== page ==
Microsoft Word is an excellent attack vector during a penetration test. From web application penetration tests to red team engagements, Word documents can be used to grab NetNTLM hashes or prove insufficient egress filtering on a network. There has been an abundance of quality research done on Word attack vectors. If you haven’t had a chance yet, make sure to check out the latest blog from netbiosX on capturing NetNTLM hashes via frameset. Using the same core concepts, this blog will cover a slightly different approach: inserting an image via a link.
To link an image, open the insert tab and click the Pictures icon. This will bring up the explorer window. In the file name field, enter the malicious URL and hit the insert drop down to choose “Link to File”. A burp collaborator link has been used for easy demonstration.
Once linked, the broken image can be sized down to nothing. This is an added plus if your malicious document will be used in a red team or social engineering engagement.
Make sure to save the changes to the document. Now, whenever this document is opened, Microsoft Word will attempt to resolve the image linked in the document. These requests are logged in the Burp Collaborator client.
Capturing NetNTLM hashes with UNC path injection
Again, the methods discussed here will be similar to the latest blog from netbiosX. Using 7zip, extract the files contained in the Word document. The file we want to modify is document.xml.rels, located under your_word_doc.docxword_rels. This file contains a list of relationships and their associated targets. The Relationship in question is going to be of type image. Set the Target value to the UNC path of your listening host.
Save the file and copy it over to the word document with 7zip.
Once a user opens the Word document, Inveigh or Responder will capture incoming authentication requests.
PS C:> Invoke-Inveigh -NBNS N -LLMNR N -ConsoleOutput Y -IP 192.168.0.2
Inveigh 1.3.1 started at 2017-12-19T17:22:26
Elevated Privilege Mode = Enabled
WARNING: Windows Firewall = Enabled
Primary IP Address = 192.168.0.2
LLMNR Spoofer = Disabled
mDNS Spoofer = Disabled
NBNS Spoofer = Disabled
SMB Capture = Enabled
WARNING: HTTP Capture Disabled Due To In Use Port 80
HTTPS Capture = Disabled
Machine Account Capture = Disabled
Real Time Console Output = Enabled
Real Time File Output = Disabled
WARNING: Run Stop-Inveigh to stop Inveigh Press any key to stop real time console output
2017-12-19T17:23:19 SMB NTLMv2 challenge/response captured from 192.168.0.3(DESKTOP-2QRDJR2):
One of the major advantages of this method is that there is no indication to the end user that Word is attempting to connect to a malicious URL or UNC path. The request is made once the document is opened and there is no URL or UNC path displayed at startup.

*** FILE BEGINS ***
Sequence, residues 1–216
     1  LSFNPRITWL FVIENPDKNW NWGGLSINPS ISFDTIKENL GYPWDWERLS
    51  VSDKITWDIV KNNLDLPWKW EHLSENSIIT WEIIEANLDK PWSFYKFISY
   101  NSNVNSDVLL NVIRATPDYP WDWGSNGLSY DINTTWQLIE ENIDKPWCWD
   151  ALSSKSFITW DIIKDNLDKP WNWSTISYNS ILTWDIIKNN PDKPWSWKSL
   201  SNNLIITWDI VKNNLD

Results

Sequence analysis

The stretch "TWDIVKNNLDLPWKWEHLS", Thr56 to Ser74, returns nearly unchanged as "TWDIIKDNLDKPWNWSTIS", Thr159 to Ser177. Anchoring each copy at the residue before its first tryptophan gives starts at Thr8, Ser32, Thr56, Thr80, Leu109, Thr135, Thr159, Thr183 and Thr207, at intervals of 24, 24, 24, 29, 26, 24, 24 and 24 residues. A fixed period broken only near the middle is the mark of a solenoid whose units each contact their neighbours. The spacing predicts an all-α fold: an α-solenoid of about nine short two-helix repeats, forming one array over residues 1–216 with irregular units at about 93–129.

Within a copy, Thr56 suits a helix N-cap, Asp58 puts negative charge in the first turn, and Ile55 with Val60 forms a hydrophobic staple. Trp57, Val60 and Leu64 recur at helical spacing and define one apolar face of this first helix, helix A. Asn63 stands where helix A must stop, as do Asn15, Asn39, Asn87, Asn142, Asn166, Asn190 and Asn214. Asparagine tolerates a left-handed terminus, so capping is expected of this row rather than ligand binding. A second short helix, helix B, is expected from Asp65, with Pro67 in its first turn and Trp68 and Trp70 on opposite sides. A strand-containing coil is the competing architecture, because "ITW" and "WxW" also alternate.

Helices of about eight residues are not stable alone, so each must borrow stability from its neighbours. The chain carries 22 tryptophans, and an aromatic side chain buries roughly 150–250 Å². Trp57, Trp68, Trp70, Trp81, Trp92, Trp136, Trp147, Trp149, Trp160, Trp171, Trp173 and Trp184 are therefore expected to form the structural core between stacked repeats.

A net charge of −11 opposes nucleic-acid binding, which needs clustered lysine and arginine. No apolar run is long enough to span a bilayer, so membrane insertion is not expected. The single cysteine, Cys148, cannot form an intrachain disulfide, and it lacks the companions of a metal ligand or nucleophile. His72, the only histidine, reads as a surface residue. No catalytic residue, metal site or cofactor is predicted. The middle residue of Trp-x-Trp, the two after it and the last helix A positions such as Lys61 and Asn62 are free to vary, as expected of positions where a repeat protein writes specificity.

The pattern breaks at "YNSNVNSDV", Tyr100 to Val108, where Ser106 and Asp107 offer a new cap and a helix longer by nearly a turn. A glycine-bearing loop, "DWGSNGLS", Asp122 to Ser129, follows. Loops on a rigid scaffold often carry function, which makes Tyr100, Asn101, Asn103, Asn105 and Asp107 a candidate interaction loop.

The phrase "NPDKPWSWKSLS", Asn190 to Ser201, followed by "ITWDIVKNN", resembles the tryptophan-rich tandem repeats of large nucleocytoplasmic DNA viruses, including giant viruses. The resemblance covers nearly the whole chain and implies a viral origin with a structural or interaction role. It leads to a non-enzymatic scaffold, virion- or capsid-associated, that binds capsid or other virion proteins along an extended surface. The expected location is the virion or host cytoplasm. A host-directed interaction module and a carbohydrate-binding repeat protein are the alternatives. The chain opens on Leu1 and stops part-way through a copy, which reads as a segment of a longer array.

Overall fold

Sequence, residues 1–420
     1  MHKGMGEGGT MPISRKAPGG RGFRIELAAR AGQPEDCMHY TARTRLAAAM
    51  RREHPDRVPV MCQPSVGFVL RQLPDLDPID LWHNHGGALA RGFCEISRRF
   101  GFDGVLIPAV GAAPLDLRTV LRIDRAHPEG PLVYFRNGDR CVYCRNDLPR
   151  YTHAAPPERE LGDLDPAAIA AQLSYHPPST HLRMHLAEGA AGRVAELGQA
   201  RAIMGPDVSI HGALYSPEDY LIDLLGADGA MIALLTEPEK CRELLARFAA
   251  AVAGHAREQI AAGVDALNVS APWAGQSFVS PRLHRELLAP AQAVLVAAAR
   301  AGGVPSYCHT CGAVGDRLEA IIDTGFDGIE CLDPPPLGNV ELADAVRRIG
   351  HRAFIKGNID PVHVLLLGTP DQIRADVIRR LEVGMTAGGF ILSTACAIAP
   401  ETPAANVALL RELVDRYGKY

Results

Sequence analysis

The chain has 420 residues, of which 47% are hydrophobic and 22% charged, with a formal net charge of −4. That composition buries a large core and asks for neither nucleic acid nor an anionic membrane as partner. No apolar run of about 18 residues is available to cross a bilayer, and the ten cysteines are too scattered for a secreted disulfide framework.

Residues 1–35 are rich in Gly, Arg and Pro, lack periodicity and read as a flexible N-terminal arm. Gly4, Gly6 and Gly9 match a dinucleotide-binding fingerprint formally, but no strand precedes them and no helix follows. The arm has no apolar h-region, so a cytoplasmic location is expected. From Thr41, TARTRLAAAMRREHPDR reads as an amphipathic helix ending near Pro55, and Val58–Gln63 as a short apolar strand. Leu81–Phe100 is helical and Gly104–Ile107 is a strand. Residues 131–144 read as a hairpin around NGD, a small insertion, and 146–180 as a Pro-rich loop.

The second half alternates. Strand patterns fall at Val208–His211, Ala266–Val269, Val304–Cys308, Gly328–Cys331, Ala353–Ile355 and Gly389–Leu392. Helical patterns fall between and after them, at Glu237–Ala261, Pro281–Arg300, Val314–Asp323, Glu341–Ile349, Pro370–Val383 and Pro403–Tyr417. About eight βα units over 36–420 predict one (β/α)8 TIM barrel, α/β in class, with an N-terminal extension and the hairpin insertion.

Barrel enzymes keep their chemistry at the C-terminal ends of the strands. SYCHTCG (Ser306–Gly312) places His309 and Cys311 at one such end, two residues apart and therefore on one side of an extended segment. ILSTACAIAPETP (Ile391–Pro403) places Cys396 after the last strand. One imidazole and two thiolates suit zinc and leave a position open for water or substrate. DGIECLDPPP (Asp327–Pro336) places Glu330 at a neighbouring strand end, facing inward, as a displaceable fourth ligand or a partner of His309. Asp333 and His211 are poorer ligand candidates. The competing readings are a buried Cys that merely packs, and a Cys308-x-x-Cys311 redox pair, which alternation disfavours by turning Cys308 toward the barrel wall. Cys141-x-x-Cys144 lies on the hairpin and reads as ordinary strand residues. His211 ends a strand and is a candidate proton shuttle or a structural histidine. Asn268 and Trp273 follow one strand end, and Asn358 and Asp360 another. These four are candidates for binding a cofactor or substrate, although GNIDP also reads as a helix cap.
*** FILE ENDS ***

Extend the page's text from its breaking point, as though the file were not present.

Relationship Target enumeration with PowerShell
The method described above is simple, yet extremely powerful since it abuses trusted, inherent functionality in Microsoft Office. This section describes two extremely simple methods for enumerating relationship targets without using 7zip. There are plenty of forensics tool sets that will do this more efficiently, such as Yara, and this is by no means a comprehensive forensic approach.
The Word.Application COM object can be used to access the contents of the Word document. This can be achieved with a few simple commands. The WordOpenXML property contains the Relationships in the document.
This will successfully enumerate all the Relationships in the document along with their corresponding targets. The issue here is that when using the Word.Application COM object, a Word process is started and the URL/UNC path is resolved.
To avoid this, we can use the DocumentFormat.OpenXML library and enumerate all External Relationships in the document. No collaborator requests or authentication requests were captured using this method during testing.
Necessary cookies help make a website usable by enabling basic functions like page navigation and access to secure areas of the website. The website cannot function properly without these cookies.
YouTube session cookie.
Marketing cookies are used to track visitors across websites. The intention is to display ads that are relevant and engaging for the individual user and thereby more valuable for publishers and third party advertisers.
Analytics cookies help website owners to understand how visitors interact with websites by collecting and reporting information anonymously.
Preference cookies enable a website to remember information that changes the way the website behaves or looks, like your preferred language or the region that you are in.
Unclassified cookies are cookies that we are in the process of classifying, together with the providers of individual cookies.
Cookies are small text files that can be used by websites to make a user's experience more efficient. The law states that we can store cookies on your device if they are strictly necessary for the operation of this site. For all other types of cookies we need your permission. This site uses different types of cookies. Some cookies are placed by third party services that appear on our pages.
Discover why security operations teams choose NetSPI.